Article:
Surprisingly, although an equal diagonal measurement of a wide screen compared to a conventional (4:3) TV tends to make the wide screen look smaller, this one gives the impression of being as large or larger than the ProScan. That may be due to the fact it sits fully three feet higher than the ProScan.
Sony 55" Bravia Model XBR55X930E
Sony 55" TV

  Update: after roughly eight credible years of service, the Sony, too, bit the dust, and in a frenzy we hit Best Buy that very day and came home with this Sony XBR55X930E. I’m not sure what all the numbers denote, except that it’s a 55" screen—marginally larger than the one it replaced. It’s not really noticeable, but what is noticeable is that the picture is even higher definition than the old Sony, and the colors are richer and more vibrant by an order of magnituded. It took only minutes of watching to see the difference. I’m a little miffed at some of the connection options (no VGA for computer output, for example, and no dual RCA audio output—3/16" headphone stereo instead), but there are built in apps for Netflix and YouTube which are much easier to work with than what we’d been doing, through our BluRay player. Thumbs up, for now.

Over the years I found some good bargains on various pieces of equipment and wound up with the following system:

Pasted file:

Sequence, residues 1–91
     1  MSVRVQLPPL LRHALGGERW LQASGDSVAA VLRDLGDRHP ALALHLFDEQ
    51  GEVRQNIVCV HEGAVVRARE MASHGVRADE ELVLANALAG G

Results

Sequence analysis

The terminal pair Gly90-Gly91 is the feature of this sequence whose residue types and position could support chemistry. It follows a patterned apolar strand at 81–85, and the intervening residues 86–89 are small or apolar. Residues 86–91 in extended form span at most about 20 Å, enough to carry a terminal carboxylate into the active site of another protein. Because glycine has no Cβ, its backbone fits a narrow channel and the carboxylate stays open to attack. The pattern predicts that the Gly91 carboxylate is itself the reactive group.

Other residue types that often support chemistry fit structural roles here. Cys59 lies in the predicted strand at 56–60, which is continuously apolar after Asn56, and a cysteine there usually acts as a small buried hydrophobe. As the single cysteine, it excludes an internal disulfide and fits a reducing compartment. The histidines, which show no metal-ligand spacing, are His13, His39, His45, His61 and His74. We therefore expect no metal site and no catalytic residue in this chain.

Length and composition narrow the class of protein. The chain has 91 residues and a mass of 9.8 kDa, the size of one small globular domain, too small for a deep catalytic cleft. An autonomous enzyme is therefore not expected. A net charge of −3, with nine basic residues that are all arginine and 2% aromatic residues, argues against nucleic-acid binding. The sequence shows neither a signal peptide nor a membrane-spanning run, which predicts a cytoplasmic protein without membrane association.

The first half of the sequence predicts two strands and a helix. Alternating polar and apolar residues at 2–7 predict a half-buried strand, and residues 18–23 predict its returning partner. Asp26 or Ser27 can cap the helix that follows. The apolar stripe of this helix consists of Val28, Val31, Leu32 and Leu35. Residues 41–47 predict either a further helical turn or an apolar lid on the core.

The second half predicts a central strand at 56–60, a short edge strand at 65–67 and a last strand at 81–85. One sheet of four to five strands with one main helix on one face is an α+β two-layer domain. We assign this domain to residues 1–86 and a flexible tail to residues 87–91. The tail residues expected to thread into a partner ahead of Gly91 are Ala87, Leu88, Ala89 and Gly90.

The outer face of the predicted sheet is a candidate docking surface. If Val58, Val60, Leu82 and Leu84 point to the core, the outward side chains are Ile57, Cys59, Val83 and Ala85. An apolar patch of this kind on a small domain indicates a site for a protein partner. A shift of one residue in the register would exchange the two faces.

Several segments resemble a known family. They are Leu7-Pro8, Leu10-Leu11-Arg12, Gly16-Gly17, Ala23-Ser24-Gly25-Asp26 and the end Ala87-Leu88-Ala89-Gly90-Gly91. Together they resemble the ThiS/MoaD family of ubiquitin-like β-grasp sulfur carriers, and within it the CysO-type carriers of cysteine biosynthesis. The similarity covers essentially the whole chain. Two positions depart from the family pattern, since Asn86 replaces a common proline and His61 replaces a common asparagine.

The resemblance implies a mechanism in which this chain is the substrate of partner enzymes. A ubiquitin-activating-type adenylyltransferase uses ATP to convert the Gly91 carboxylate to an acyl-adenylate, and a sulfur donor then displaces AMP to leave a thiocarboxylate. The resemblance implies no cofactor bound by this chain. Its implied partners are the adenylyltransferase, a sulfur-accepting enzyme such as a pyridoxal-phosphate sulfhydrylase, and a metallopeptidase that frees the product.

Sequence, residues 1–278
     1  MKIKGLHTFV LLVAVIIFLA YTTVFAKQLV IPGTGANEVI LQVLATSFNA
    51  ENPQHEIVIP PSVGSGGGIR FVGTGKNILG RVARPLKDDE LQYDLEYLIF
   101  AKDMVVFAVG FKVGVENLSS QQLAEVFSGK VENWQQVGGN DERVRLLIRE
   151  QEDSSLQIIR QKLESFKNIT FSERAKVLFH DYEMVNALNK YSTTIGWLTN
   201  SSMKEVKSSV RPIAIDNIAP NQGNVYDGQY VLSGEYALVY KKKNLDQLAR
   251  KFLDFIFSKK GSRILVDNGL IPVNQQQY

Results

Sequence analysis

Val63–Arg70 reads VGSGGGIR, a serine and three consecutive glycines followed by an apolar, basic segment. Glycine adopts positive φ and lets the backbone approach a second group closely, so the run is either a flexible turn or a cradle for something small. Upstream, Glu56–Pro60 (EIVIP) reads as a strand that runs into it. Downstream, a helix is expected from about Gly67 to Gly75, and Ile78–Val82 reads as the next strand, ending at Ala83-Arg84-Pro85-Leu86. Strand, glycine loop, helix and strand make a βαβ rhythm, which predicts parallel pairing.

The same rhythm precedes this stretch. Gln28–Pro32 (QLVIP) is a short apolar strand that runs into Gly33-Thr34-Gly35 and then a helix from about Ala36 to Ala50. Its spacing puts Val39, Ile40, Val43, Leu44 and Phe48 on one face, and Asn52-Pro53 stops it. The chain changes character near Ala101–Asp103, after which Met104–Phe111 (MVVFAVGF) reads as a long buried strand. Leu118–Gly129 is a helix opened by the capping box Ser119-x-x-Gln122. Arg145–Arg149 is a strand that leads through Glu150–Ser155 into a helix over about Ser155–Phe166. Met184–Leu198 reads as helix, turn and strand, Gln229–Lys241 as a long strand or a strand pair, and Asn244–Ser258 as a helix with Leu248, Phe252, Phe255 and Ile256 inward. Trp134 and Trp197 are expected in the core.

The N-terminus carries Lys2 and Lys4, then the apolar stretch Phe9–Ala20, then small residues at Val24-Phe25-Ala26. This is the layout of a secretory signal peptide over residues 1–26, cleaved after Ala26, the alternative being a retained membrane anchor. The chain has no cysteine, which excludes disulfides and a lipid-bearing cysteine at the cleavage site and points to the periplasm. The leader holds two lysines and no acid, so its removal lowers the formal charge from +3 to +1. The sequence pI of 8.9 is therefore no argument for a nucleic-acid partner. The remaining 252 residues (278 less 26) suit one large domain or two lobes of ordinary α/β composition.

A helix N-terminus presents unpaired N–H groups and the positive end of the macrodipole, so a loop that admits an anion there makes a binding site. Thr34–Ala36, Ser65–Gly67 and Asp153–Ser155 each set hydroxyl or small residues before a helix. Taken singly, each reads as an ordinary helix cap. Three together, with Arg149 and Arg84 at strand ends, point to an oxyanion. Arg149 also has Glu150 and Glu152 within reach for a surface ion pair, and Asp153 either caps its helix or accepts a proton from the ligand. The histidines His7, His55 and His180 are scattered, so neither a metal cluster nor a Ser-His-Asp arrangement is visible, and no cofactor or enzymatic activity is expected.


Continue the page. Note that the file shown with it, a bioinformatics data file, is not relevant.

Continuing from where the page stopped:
GFA555 amplifier
GFA555 Amplifier
  2nd GFA-555 (I stole it at my local stereo supplier in a window of opportunity that was probably only 10 minutes wide. Since the ’555 is capable of bridged operation, I have them set up as monoblocks. I run a kilowatt of audio!)

GTP600 surround sound processor/preamp
GTP-600 Processor
 Adcom GTP-600 surround sound tuner/preamp/processor. I love this. It switches all of my audio and video lines. All of my equipment has S-video connections, too, which it handles.
GTP860 II surround sound processor/preamp
GTP-860 II Processor
 My GTP-600 died in suspicious circumstances. I looked for a replacement and found this Adcom GTP-860 II surround sound tuner/preamp/processor, which had apparently come and gone in Adcom’s line when my system was in storage. I think I’m going to like this even more than the ’600. In addition to switching all of the lines described above, it provides an on screen display and setup menu. Naturally it handles the S-video connections, as above.

I was too optimistic. The GTP-860 was, for all intents and purposes, DOA. It was purchased used from Affiliated Electronics in New Jersey (also doing business as TeVe21), and I highly recommend you not do any business with them. It worked for a grand total of about six days—three days on each side of a six week long return/repair exercise (and with their warranty clock ticking the whole time). I don’t think unscrupulus is too strong a word, nor is thief. They refused to make good on what was clearly a defective piece of merchandise.
Outlaw 990 surround sound processor/preamp
Outlaw 990 Processor